the value we have cached for
Y cannot be relied on anymore.
Dependency Tracking in the Compiler
When compiling in incremental mode, we always build the dependency graph of the produced data: every time, some piece of data is written (like an object file), we record which other pieces of data we are accessing while doing so.
The emphasis is on recording here. At any point in time the compiler keeps track of which piece of data it is currently working on (it does so in the background in thread-local memory). This is the currently active node of the dependency graph. Conversely, the data that needs to be read to compute the value of the active node is also tracked: it usually already resides in some kind container (e.g. a hash table) that requires invoking a lookup method to access a specific entry. We make good use of this fact by making these lookup methods transparently create edges in the dependency graph: whenever an entry is accessed, we know that it is being read and we know what it is being read for (the currently active node). This gives us both ends of the dependency edge and we can simply add it to the graph. At the end of the compilation sessions we have all our data nicely linked up, mostly automatically:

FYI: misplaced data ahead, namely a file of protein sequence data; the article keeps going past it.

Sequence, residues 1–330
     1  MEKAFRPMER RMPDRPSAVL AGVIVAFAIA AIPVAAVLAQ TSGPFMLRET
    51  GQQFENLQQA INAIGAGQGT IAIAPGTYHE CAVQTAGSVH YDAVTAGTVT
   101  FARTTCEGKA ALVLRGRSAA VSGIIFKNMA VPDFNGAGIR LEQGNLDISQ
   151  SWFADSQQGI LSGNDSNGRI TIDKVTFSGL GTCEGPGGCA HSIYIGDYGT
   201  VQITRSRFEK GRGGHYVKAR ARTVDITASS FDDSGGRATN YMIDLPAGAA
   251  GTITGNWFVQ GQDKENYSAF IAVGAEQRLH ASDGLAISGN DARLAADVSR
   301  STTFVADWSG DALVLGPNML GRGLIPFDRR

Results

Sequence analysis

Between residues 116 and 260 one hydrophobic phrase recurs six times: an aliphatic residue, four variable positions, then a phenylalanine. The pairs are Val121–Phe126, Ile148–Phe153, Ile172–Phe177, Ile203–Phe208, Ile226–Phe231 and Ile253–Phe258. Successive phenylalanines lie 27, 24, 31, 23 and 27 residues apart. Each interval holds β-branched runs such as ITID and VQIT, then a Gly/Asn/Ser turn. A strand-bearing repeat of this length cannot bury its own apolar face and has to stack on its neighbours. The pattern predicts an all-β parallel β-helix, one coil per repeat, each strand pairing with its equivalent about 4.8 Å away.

This dependency graph is then stored in the incremental compilation cache directory along with the cache entries it describes.
At the beginning of a subsequent compilation session, we detect which inputs (=AST nodes) have changed by comparing them to the previous version. Given the graph and the set of changed inputs, we can easily find all cache entries that are not up-to-date anymore and just remove them from the cache:
Anything that has survived this cache validation phase can safely be re-used during the current compilation session.